Worried lawmakers can help small-business owners harness the good AI can do

Worried lawmakers can help small-business owners harness the good AI can do

Opinion BY DAN GRECH NOVEMBER 09, 2023 12:26 PM in the Miami Herald


President Biden recently signed a sweeping executive order to create safeguards on artificial intelligence technology, as leading lawmakers in Congress call for a new federal agency to regulate Big Tech — and, in particular, AI.


There’s no question that AI has incredible potential to do harm. It could replace many jobs permanently. It has an inherent bias that can hurt disadvantaged populations. It can create work derived from copyrighted material, putting at risk the business model of countless creative industries. Then, of course, there are the doomsday scenarios of robots taking over the world.


This isn’t science fiction. Hundreds of leading AI researchers sounded the alarm bell in a statement in May: “Mitigating the risk of extinction from AI should be a global priority alongside other societal-scale risks such as pandemics and nuclear war.”


But in their zeal to regulate AI, policymakers shouldn’t handcuff small business — the backbone of the American economy, representing 44% of U.S. economic activity — from using time-saving AI tools to survive and thrive. Experts from the small-business community must have a seat at the table to talk about ways that entrepreneurs can leverage artificial intelligence to strengthen their businesses.


Over the past year, I have spoken about AI regulation to more than a dozen legislative staffers working on both sides of the aisle of the Senate Committee on Small Business & Entrepreneurship. What I heard wasn’t encouraging.


Legislators simply don’t understand the positive aspects of the technology. They are painfully unaware of how small businesses everywhere are using generative AI. As one staffer told me, “Look, we haven’t even figured out how to regulate social media.”


Think of the years of wreckage caused by social media companies run amok because regulators couldn’t get in front of the technology in a thoughtful way. With AI, we have an opportunity to provide guardrails against bad actors, mitigate the inevitable workforce disruption and turn the tools into powerful forces for productivity.


In Miami’s bustling small-business ecosystem, generative AI isn’t a mere buzzword; it’s becoming a regular business practice. Local elected officials are national leaders in preparing the workforce of the future. Two county initiatives — Strive305 from Miami-Dade Mayor Daniella Levine Cava and Elevate District 5 from Miami-Dade District 5 Commissioner Eileen Higgins — have provided training to more than 1,000 small business owners in AI for marketing and sales.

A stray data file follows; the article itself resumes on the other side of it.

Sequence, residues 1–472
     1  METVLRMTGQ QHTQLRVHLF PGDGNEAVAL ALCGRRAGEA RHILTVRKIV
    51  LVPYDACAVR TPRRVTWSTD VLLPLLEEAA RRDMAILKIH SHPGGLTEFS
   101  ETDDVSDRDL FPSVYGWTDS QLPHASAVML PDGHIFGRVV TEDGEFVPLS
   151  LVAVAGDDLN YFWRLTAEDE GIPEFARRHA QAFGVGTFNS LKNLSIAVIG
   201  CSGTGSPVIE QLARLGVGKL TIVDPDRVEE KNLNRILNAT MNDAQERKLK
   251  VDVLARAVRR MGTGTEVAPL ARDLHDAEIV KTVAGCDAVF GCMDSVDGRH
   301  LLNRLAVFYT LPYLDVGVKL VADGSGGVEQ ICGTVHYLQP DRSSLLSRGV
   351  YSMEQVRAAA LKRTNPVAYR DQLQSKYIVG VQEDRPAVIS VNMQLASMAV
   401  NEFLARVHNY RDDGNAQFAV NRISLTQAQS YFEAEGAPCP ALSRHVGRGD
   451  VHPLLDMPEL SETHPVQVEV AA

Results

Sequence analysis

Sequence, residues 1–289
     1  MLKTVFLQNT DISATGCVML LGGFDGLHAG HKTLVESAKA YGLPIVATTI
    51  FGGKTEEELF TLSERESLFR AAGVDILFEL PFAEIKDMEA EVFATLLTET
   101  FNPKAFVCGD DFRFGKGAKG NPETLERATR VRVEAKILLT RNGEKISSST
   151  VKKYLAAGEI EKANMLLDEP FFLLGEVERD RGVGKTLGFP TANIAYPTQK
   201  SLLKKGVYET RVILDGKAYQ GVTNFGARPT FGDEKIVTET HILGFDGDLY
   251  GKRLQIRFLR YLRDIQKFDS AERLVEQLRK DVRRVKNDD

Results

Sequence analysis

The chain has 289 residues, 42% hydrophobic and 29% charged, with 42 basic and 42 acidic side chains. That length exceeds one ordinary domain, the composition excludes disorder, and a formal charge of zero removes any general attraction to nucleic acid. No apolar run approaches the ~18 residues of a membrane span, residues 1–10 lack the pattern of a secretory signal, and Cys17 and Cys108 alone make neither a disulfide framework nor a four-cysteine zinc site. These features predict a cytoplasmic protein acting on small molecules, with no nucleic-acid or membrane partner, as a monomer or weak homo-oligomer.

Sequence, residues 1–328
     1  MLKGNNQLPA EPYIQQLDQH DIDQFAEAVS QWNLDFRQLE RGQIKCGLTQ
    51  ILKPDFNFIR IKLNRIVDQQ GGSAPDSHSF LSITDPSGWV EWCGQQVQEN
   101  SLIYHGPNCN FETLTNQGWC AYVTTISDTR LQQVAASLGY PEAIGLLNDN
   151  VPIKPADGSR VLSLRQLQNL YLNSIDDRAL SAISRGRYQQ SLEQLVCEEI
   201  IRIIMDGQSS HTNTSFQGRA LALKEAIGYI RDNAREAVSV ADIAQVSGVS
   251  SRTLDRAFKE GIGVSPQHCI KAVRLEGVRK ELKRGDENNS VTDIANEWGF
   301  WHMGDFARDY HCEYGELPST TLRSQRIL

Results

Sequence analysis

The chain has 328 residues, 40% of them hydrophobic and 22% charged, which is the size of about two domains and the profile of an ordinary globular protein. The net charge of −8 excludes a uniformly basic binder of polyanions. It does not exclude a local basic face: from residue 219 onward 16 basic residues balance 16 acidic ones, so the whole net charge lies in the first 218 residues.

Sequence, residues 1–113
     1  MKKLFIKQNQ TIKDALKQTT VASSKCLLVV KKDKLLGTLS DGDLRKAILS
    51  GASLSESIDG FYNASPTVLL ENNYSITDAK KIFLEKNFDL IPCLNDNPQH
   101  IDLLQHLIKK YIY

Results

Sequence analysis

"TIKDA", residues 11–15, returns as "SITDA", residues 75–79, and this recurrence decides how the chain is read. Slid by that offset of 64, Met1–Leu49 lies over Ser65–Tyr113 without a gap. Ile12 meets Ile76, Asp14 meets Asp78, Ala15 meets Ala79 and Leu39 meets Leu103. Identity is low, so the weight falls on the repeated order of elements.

The investment in workforce training and technical assistance is starting to pay off. A study released in September by the U.S. Chamber of Commerce found that one in four small businesses nationally have adopted AI to improve their marketing and communications.


The figures speak volumes — an average business in the Miami-Dade training programs reports time savings valued at more than $10,000 within a mere six weeks of initiating the programs. It’s not just about cutting costs; it’s about amplifying efficiency, fostering creativity and accelerating growth.


The model emerging in Miami through the visionary leadership of Levine Cava’s Future Ready initiative needs to be replicated nationally, not cut off at the knees.


Businesspeople are often worried that AI is coming for their livelihood. I tell them this: “AI is not going to take your job, at least not yet. But someone who uses AI is. So you must get ready. You have to invest in training yourself and your team.”


As our political leaders try to limit the potential harms of AI, they should include the voices of small business owners in this critical discussion. I commend Miami Congresswoman Maria Elvira Salazar, who sits on the House Small Business Committee, for bringing together small-business owners to educate her on the risks and opportunities for small businesses working with AI. We need more of our elected officials to do the same.


Dan Grech is the founder of BizHack Academy, which provides training in AI for marketing and sales to Miami-Dade businesses through the Strive305 and Elevate District 5 programs.


You can check the article here: https://www.miamiherald.com/opinion/op-ed/article281602178.html